By Andreas Charalambous and Omiros Pissarides

For a prolonged period the prices of conventional energy (coal, oil and natural gas) were contained at low levels, mainly reflecting the view that the world’s economic growth would remain subdued, thereby affecting demand downwards.

At times geopolitical upheavals led to abrupt price increases, but only for brief periods.

Recently, several factors have led to profound changes in market conditions and prospects. Following the outbreak of the pandemic in 2020, the gradual improvement of the overall health situation led to steep increases in the demand for goods. This development was deemed to be of a temporary nature and did not have a lasting effect on energy markets. In addition, disruptions in production and transport, due to the pandemic, had a further upward, albeit temporary, effect on energy prices.

However, the continuing war in Ukraine threatens to affect energy supply in the coming winter, but also energy prices in the long term.

Consequently, oil prices remain at historically elevated levels, despite the decline observed recently. There are indications that certain oil producing countries are attempting to keep prices at relatively high levels, with an indicative target of $90 per barrel, taking into consideration that the worldwide trend in favour of renewable energy will not permit sufficiently rewarding exploitation of their natural resources in the future.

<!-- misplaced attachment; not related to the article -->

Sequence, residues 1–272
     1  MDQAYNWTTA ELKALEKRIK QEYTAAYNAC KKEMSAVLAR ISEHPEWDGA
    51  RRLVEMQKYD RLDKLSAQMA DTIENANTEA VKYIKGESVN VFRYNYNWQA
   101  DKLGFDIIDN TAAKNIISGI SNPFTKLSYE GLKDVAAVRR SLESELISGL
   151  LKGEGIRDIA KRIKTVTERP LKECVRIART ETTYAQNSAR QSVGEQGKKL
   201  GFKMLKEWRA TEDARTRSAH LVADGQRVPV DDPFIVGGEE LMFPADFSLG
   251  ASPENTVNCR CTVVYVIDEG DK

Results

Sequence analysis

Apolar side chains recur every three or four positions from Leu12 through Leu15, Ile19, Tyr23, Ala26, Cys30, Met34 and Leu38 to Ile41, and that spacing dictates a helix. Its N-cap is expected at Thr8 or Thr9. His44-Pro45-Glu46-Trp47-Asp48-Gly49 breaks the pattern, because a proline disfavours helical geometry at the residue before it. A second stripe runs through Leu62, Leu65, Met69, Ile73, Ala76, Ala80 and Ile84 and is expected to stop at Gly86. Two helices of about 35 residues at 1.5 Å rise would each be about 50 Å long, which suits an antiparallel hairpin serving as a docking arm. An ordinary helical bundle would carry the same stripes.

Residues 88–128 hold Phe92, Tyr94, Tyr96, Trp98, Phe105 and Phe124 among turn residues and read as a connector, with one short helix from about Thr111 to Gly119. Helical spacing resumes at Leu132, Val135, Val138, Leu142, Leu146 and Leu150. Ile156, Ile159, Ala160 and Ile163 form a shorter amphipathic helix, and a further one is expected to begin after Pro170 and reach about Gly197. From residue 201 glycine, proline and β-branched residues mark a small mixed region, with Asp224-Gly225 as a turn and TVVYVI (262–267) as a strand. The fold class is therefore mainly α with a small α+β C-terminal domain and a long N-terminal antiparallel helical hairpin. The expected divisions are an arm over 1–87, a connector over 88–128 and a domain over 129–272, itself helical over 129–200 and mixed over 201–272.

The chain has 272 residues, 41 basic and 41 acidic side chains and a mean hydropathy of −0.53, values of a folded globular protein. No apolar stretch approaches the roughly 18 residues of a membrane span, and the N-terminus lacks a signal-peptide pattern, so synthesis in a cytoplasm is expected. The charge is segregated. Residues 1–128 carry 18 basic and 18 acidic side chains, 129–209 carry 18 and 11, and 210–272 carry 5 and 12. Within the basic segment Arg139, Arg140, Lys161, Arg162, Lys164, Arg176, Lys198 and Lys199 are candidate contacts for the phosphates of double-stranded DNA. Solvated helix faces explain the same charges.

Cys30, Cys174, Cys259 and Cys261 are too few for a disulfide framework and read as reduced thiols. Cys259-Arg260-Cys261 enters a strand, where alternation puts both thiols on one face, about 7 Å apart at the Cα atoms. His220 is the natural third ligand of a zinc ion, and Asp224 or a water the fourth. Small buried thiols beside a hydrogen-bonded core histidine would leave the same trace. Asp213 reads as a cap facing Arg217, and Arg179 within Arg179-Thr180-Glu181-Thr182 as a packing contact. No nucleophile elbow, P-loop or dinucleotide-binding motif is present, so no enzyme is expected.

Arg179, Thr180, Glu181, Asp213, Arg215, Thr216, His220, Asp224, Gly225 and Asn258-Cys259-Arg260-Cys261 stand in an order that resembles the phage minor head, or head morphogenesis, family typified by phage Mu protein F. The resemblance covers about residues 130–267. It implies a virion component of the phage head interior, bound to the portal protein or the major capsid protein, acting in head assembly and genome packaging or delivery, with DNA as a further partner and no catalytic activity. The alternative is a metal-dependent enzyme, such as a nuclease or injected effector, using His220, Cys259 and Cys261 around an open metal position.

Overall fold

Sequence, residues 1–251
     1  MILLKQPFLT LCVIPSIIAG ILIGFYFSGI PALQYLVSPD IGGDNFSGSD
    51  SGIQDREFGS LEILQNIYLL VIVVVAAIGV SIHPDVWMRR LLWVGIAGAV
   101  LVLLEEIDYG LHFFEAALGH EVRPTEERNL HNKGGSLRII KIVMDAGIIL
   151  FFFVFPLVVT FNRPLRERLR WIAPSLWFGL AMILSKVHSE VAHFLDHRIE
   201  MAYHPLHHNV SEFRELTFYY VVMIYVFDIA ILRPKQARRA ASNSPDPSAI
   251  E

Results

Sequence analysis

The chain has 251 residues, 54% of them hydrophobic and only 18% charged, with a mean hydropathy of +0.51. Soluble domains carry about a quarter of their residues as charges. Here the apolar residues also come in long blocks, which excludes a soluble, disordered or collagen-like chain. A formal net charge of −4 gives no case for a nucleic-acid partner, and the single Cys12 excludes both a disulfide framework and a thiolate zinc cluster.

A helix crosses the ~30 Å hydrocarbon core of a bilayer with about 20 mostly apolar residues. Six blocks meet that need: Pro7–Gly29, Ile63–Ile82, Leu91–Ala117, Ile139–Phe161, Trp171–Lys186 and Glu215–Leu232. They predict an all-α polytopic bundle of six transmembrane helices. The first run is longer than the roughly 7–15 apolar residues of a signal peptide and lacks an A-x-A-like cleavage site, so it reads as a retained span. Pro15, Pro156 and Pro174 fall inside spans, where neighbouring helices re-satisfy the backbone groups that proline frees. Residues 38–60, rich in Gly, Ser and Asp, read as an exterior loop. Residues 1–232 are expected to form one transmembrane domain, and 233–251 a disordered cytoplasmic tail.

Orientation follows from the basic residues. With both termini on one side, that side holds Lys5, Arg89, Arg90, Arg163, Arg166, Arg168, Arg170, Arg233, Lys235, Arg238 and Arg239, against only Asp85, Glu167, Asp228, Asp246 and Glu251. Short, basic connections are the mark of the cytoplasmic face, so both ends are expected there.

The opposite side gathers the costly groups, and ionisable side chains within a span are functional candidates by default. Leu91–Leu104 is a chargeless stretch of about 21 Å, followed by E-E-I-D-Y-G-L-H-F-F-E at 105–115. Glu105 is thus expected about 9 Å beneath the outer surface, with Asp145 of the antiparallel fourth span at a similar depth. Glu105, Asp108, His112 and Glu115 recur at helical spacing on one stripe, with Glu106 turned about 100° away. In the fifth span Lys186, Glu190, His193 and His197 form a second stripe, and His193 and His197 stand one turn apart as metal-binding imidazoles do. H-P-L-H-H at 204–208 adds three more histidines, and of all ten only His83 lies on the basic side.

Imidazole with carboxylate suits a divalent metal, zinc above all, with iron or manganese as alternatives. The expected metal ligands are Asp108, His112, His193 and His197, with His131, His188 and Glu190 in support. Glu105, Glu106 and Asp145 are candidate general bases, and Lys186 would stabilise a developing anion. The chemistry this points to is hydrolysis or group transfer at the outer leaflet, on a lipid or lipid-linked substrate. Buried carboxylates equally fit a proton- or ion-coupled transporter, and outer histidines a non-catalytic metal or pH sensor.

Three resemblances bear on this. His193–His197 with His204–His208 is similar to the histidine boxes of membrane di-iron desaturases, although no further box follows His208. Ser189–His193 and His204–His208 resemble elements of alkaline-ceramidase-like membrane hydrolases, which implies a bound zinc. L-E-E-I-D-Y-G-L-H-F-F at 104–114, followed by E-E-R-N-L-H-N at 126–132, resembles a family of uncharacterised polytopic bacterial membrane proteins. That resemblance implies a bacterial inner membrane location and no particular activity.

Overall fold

The prices of natural gas exhibited an even steeper increase, mainly due to lower supply from Russia to European markets. The decision of the EU to gradually become completely independent of natural gas imports from Russia underlines that prices will likely remain at historically high levels for a long period.

Another energy source currently under examination is nuclear energy, which is already widely utilised in some countries, such as France. Nevertheless, security reasons impact its widespread use.

Taking the above into account, the adaptation of the EU’s energy policy currently receives highest priority. The attempt to contain prices by reducing taxation is understandable from a political point of view, but would counteract the efforts to save energy, which is essential under the current conditions and is, therefore, not recommended by experts, except under extraordinary conditions.

An interesting idea, which is being examined by certain countries, is to generously subsidise basic energy consumption for households, depending on their size. Beyond this basic level, consumption will be burdened by higher prices. Within such a framework, vulnerable households will be the primary beneficiaries while, in parallel, energy saving will be incentivised.

Another approach which is widely implemented is targeted income support for the low-income population.

Regarding companies, a policy which is contemplated is the subsidisation of those that reduce consumption by at least 10 per cent.

From a long-term perspective, the appropriate strategy is the development of renewable energy, which constitutes the cheapest source of energy and contributes, in parallel, towards fighting climate change.

Andreas Charalambous is an economist and a former director at the Ministry of Finance. Omiros Pissarides is the managing director of PricewaterhouseCoopers Investment Services